Category Archives: Poetry

A Barrel of Laughs

Topic: How easy or difficult do you find including humor in your
writing and/or have you ever incorporated a true life humorous event in
your own life or the life of someone you know in a book you were

I love to include humor in my writing. Often it’s only a couple of lines, like the ones from a scene in a comedy club from Rob’s Rebellion 

“No worries, Charlie.” Senator Cromwell reached for Suzy’s hand and held it. “When do you go on?”

“Right after the goons who are up now. You never heard such lame jokes.”

“I have heard them, and that’s the trouble,” Senator Nakai mumbled.

As far as I can recall, I have never included an incident that happened to me or to someone else I know in my fiction. My poetry, however, is another story. A lot of it is funny, rhymed, or both, and a lot is inspired by incidents in my own life. And even when whatever inspired the poem is serious, the poem itself is not.

I wrote the poem below, which appeared in Village Square when I was taking an online grammar course. The course material was the kind of material that causes students to tear their hair out, but the poem is sheer fun.  It’s written as rhymed free verse and contains only a couple of made-up words <grin>


Phrasical Subordination

The main clause of the sentence names the thing you mainly do
but it can have subordinates and more than just a few,
and realize that subordinates can have subordinates, too.
Oh, a sentence needs a subject and a verb.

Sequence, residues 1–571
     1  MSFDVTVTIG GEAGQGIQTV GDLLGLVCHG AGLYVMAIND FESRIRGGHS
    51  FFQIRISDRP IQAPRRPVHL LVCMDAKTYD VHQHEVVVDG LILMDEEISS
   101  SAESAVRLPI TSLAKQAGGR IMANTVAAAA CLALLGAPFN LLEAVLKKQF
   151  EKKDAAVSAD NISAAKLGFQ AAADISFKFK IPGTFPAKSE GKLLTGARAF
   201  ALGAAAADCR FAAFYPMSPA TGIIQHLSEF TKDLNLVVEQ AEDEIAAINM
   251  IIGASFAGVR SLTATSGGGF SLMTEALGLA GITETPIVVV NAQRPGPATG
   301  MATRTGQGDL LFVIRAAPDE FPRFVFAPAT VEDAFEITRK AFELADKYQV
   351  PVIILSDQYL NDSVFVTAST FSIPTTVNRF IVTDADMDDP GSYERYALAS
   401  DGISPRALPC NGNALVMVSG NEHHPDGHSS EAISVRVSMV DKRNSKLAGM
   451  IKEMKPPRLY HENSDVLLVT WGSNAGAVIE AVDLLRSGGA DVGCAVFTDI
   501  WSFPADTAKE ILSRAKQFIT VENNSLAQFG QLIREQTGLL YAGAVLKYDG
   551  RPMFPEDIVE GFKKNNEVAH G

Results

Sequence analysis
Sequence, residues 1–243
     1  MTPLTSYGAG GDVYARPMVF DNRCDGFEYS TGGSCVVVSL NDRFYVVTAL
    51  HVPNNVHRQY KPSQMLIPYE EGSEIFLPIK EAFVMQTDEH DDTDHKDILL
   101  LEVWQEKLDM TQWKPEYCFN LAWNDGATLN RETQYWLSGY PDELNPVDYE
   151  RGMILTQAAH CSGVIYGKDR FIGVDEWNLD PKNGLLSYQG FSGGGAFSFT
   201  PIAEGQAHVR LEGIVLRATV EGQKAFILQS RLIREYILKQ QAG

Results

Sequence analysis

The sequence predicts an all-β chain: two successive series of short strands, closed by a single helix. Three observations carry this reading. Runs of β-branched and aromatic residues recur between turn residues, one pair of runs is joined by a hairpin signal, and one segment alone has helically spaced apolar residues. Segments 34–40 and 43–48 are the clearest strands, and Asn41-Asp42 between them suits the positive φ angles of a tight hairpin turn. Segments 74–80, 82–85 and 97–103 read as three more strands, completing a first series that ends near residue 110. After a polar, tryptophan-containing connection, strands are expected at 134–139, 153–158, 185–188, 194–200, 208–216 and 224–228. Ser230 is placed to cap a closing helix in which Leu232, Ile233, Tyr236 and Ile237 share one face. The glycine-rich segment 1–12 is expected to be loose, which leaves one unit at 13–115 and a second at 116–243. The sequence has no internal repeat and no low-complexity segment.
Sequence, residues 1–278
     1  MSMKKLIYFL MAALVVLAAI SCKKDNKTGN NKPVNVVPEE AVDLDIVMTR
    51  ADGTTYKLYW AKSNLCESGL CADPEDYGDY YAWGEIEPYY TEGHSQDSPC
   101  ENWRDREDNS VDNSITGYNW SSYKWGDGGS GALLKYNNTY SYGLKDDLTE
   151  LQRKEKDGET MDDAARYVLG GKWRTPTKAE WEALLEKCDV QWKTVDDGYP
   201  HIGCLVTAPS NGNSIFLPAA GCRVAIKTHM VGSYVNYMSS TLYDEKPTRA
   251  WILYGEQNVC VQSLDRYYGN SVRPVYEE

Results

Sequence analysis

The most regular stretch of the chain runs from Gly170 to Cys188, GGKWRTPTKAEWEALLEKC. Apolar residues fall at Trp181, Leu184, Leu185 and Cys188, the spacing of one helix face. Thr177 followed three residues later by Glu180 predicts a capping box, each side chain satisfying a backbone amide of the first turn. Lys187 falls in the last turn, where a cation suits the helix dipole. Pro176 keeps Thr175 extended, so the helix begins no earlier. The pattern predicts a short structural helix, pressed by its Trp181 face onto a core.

A subordinate’s connected by some word up to the main
by kinds of words that form a sort of phrasicallic chain,
like what, and where and who and which that more that tax my brain.
Oh, a sentence needs a subject and a verb.

See, relative pronounic phrases modify a noun.
If the noun is missing, then grammarians will frown,
Give it a noun to modify and you can go to town.
Oh, a sentence needs a subject and a verb.

If you need to pick a that or need to pick a which
you’ll need a method to decide where you can make the switch,
If you can drop the phrase, well then the which is not a glitch.
Oh, a sentence needs a subject and a verb.

A subordinate conjunction starts adverbialic phrase.
It modifies the verb in ways that surely will amaze.
If it starts the sentence, then a comma is displayed.
Oh, a sentence needs a subject and a verb.

Whom denotes an object, it’s the object of the do.
If your phrase requires an object, then the whom’s the one for you.
If you need a subject, well, you must then pick the who.
Oh, a sentence needs a subject and a verb.

A noun dependent clause is used just like the noun to bring
an object or a subject or a relativic thing
by words like what or, where or how, to add a bit of zing.
Oh, a sentence needs a subject and a verb.

I hope this little ditty helps to clarify your mind.
It’s helping me to classify the phrasicallic kind
in a way that’s maybe just a bit less of a grind.
Oh, a sentence needs a subject and a verb.

Do check out the posts of my fellow bloggers:

Skye Taylor
Diane Bator
Beverley Bateman
Dr. Bob Rich
Connie Vines
Anne Stenhouse
Margaret Fieland
A.J. Maguire
Victoria Chatham
Judith Copek
Rhobin L Courtright

A Little Christmas Cheer

Here are a couple of short Christmas tales:

mtnsAfter Christmas Blues

Even with a full day to deliver presents, Santa doesn’t finish on time. He gets home late on Christmas Day, and he’s so exhausted he’s in bed for a week.

“It’s outrageous,” Donner snorts when Mrs Claus asks for help. “We need a new plan.”

“Oh, it’s not so bad,” Rudolph murmurs. “After all, it’s only once a year.” His nose flashes a couple of times.

Donner tosses his antlers. “Just wait until you’re my age. That sleigh gets heavier every year, and when I get back I’m too stiff to fly for at least a month.”

“Well, what do you suggest?” Vixen pipes up. “We’re already limiting our deliveries to good children between five and ten who celebrate Christmas.” She tosses her antlers and smiles.

“Yes,” Blixen adds, “and we’ve got a stack of complaints from the parents of the under-fives.”